Dr. Gavril Pasternak

Gavril W. Pasternak, M.D., Ph.D.


It is with great sadness and loss that we report the passing of the distinguished scientist and long-time INRC member and Founder, Professor Gavril W. Pasternak, M.D., Ph.D. ‘Gav’, as we all knew him, died on February 22, 2019, after a brief battle with pancreatic cancer; he was 71. INRC formally recognized Gav with their Founders’ Award in 2015.

Dr. Gavril Pasternak was a graduate of Johns Hopkins University (B.S. Chemistry, M.D., and Ph.D.).  During his undergraduate years at Hopkins, Gav’s primary interest was playing lacrosse, but his lifelong passion with opioids began when he joined the laboratory of Dr. Solomon Snyder for his Ph.D. work.  Those were exciting days with Sol’s group, which was one of the labs who first identified opioid receptors by radioligand binding.  Gav joined Candace Pert as the first students to work on opioids in Sol’s lab, and he began with isolating brain extracts to identify potential endogenous opioids, called morphine-like factors in those days.  Of course, Hans Kosterlitz, John Hughes and their colleagues at the University of Aberdeen were the first to purify enkephalins, so Gav switched his focus to characterizing pharmacological and biochemical properties of opioid receptors.  He was the first to show that sodium distinguished agonist and antagonist binding to opioid receptors by selectively decreasing affinities for agonists, a finding that would provide one of the foundations for exploring opioid receptor crystal structure decades later.  But his lifelong interest in mu receptor subtypes began with a serendipitous finding.  In characterizing the actions of novel irreversible alkylating ligands, which he hoped could be used as long-acting agonists and antagonists at opioid receptors, Gav found that the alkylating antagonist naloxonazine only reacted with a subset of mu receptors.  From that finding, he deduced that mu receptors must exist as multiple discernible subtypes.  This was more than simply an academic interest for Gav.  From his clinical work, he knew the enormous variation in the response of patients to analgesic drugs, and he theorized that multiple mu receptor subtypes not only provided the opportunity to design novel analgesics with fewer side effects, but could also individualize pain therapy with different patients.  From these early beginnings ultimately came his pioneering work on alternative RNA splice variants of mu receptors.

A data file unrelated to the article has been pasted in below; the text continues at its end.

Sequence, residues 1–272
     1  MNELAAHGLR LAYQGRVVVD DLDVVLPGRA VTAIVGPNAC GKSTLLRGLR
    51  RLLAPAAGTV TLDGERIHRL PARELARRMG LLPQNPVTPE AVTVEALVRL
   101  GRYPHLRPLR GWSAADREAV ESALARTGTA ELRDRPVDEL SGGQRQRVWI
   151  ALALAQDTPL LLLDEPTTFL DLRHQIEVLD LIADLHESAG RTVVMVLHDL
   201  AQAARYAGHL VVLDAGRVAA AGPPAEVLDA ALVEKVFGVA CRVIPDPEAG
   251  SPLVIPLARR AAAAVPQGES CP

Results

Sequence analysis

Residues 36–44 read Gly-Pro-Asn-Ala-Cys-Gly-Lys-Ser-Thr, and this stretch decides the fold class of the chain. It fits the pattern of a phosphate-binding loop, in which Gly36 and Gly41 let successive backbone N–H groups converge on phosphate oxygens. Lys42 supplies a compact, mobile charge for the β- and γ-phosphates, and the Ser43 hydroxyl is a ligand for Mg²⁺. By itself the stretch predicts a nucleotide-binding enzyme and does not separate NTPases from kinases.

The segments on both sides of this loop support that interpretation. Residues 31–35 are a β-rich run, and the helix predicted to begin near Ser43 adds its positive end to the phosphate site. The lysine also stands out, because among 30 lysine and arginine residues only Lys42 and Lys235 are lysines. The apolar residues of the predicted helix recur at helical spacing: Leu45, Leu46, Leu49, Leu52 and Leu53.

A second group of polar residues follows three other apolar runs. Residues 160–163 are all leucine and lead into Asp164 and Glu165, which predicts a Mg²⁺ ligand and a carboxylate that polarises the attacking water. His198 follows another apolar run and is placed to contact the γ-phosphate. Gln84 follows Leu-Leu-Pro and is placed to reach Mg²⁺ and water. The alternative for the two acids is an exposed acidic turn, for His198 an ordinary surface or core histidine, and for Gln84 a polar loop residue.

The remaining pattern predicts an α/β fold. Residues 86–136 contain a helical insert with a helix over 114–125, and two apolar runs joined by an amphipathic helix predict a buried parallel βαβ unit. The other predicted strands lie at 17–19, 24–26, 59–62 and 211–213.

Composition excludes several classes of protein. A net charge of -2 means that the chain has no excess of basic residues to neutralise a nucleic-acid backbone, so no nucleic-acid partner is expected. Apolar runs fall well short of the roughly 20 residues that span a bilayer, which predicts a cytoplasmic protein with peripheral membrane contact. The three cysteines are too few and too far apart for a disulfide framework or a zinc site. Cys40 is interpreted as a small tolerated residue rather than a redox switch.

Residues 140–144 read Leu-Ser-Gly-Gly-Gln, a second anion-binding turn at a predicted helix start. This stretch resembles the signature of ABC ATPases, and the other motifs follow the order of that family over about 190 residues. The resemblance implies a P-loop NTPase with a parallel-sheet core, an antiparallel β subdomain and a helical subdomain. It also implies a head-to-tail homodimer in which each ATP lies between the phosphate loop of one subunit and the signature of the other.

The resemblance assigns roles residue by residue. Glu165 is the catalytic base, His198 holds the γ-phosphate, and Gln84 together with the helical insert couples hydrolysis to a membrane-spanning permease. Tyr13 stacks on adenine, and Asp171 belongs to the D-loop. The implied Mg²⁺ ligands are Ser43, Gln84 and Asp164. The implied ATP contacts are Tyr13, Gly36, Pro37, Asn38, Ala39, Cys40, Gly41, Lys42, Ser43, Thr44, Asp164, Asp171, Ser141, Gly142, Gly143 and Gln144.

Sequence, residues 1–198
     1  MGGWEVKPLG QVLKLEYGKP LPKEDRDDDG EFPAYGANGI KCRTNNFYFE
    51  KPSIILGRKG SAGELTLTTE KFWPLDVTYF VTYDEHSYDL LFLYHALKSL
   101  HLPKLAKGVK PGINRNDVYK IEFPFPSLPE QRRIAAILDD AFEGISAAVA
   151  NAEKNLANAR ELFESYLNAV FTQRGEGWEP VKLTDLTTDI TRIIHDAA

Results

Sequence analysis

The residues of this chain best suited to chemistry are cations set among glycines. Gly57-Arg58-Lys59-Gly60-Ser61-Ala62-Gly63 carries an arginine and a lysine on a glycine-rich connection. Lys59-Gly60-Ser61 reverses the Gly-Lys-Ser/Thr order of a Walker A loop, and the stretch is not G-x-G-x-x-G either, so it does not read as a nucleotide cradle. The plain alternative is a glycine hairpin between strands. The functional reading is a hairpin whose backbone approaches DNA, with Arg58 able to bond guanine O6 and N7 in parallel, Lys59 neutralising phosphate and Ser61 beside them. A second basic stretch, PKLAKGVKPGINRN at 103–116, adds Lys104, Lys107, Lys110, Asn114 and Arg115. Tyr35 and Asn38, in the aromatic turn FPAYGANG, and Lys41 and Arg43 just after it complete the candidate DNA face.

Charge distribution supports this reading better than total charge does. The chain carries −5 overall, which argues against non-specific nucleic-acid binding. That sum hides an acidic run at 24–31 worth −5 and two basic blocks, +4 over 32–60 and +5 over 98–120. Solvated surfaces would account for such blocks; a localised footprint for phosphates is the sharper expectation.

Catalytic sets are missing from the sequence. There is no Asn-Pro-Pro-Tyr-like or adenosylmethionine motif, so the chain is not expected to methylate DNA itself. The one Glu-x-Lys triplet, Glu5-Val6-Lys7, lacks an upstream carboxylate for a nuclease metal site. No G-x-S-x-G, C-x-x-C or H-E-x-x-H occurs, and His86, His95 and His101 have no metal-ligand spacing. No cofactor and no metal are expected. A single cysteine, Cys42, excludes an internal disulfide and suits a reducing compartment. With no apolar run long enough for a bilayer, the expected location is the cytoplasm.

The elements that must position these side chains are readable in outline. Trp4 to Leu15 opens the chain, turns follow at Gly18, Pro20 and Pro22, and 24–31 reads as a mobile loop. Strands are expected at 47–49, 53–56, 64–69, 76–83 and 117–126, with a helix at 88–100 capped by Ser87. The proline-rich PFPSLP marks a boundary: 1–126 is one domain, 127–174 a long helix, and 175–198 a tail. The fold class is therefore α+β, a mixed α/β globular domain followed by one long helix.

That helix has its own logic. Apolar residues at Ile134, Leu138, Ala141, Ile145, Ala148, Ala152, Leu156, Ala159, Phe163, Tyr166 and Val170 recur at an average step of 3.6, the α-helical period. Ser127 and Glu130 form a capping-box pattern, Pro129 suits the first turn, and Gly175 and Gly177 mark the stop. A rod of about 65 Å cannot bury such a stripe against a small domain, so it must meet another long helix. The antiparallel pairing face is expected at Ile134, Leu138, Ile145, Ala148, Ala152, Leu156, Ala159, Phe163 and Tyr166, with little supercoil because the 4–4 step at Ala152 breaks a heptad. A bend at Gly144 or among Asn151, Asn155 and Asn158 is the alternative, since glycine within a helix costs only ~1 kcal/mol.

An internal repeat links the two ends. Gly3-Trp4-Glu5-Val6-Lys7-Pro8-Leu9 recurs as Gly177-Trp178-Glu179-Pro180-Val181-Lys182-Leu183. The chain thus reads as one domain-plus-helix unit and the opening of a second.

Following completion of his neurology residency at Johns Hopkins in 1979, Gavril joined the Neurology Department of Memorial Sloan-Kettering Cancer Center, where he was the model of the classic clinician/scientist until his passing.  From the development of receptor binding assays to the recognition of splice variants of mu opioid receptors that may explain individual differences in response to opioid drugs, Dr. Pasternak devoted his career to contributing to our understanding of how opioids produce analgesia and their undesired effects.  In recent years he was awarded several patents for the development of novel opioid analgesics that do not produce many of the adverse effects of morphine.  Among the many NIH grants that funded these endeavors, Dr. Pasternak was especially proud of the Research Scientist Development, MERIT, Senior Scientist awards and most recently, a UG3 grant from NIDA to develop ‘…A New class of potent, safer analgesics’, that target one type of mu receptor splice variants identified in his lab.